Interpretation is always going to be different from person to person, and there is no way of knowing what message an author is trying to convey without hearing it from the author himself. Classically, this is a case of comparing your inner feelings about a subject with someone else's outward appearance, which is impossible to do and be accurate. While his opinions are certainly valid, they do not make a very credible case for his standpoint. Wolfe made the strongest argument because of the facts that he used, such as court cases and court rulings, and by providing examples that modern people could relate to. He does not rely on interpretations of writings other than literal denotations of the wording. Bonta's examples and arguments circled around historic events that no one today could relate to.

No one actually knows for sure what was going through the minds of the mobs during the French Revolution other than unhappiness with the government at the time; we will never know for sure whether that unhappiness was derived from a lack of God in the government or not unless we are able to find original documents (such as diaries) that would support either side. His interpretation of the wording in our Constitution is based on the writings of the English government, which has a national religion. He also contends that because we had been under English rule for so long before writing the Constitution, that many of our ideas came from England's laws, meaning we should use them to interpret our own meanings. Again, though, there is no way to tell if our own laws were written to try to emulate English rule or abandon it without original thoughts and opinions of the people at the time. I agree with Wolfe that church and state should be separate. I believe that integrating them would lead to a new "Dark Age" similar to the one in which the Catholic Church reigned supreme over so many lands, keeping citizens living in poverty with little or no hope of bettering themselves.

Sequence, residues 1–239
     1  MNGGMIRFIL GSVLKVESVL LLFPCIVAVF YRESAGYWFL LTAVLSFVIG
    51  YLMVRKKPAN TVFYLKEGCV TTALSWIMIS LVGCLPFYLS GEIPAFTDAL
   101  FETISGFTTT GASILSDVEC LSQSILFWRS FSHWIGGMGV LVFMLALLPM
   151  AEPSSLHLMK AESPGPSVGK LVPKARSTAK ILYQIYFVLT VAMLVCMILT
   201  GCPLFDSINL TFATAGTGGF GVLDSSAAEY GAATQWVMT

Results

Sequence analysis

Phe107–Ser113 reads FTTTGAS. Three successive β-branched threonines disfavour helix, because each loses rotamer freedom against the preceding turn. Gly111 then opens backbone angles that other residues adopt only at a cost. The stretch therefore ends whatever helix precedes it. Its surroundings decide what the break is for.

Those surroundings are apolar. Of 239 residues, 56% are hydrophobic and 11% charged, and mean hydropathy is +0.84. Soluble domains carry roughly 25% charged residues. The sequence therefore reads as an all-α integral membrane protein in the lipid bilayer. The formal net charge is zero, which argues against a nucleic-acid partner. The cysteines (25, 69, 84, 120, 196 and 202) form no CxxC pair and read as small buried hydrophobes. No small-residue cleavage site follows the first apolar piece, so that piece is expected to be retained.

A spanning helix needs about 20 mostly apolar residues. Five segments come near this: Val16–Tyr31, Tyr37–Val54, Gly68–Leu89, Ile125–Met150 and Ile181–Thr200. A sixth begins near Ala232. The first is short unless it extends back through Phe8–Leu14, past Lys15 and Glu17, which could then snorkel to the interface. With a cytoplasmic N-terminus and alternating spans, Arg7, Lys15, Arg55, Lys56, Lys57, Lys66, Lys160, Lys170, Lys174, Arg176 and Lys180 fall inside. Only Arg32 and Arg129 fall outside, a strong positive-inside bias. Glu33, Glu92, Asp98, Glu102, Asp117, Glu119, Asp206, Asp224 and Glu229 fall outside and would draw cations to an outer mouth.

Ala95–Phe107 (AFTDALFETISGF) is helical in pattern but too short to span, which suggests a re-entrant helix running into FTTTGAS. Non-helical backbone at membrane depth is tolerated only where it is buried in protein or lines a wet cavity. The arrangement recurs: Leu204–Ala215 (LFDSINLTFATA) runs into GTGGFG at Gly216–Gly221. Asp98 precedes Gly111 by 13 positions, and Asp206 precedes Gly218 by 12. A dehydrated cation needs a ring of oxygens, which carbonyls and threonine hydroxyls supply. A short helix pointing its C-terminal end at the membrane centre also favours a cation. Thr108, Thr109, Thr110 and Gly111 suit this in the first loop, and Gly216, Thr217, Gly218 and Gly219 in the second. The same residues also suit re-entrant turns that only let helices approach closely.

Favoritism of one religion over another would also lead to more prejudice and unethical happenings in everything from school and businesses to career paths and job security. I also believe that when one religion stands above another, there is always a risk of another holocaust, even if on a smaller scale. Any of the above events would completely negate our Constitution and lead to the utter destruction of our foundation. Americans have come to rely on and trust their freedoms, even if they take them for granted from time to time, and while some would be thrilled to have a religious establishment placed in an area of power, the majority would see it as a lie from the get-go that this country stands for freedom, and all trust in the government would falter, leading to either another American Revolution or tyrannical rule." Church and State Should be Separate" Alan Wolfe.

Books and Culture September/October, 2002. Retrieved January 08, 2005 from the Opposing Viewpoints Resource Center Database." Church and State Should not be Separate" Steve Bonta. New American July, 09, 2002; vol. 18, p. 1. Retrieved January 08, 2005 from the Opposing Viewpoints Resource Center Database..